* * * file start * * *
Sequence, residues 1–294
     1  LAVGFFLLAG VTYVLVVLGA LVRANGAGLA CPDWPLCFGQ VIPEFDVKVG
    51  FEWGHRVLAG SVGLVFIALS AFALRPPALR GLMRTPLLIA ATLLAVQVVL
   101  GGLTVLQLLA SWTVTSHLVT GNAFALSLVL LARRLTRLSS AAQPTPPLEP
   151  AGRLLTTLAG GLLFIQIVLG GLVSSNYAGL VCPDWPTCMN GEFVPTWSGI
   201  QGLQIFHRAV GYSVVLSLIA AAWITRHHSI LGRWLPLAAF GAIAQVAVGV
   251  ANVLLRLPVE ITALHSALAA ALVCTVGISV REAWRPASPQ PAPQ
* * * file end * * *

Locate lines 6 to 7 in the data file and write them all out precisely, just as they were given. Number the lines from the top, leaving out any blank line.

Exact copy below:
   201  QGLQIFHRAV GYSVVLSLIA AAWITRHHSI LGRWLPLAAF GAIAQVAVGV
   251  ANVLLRLPVE ITALHSALAA ALVCTVGISV REAWRPASPQ PAPQ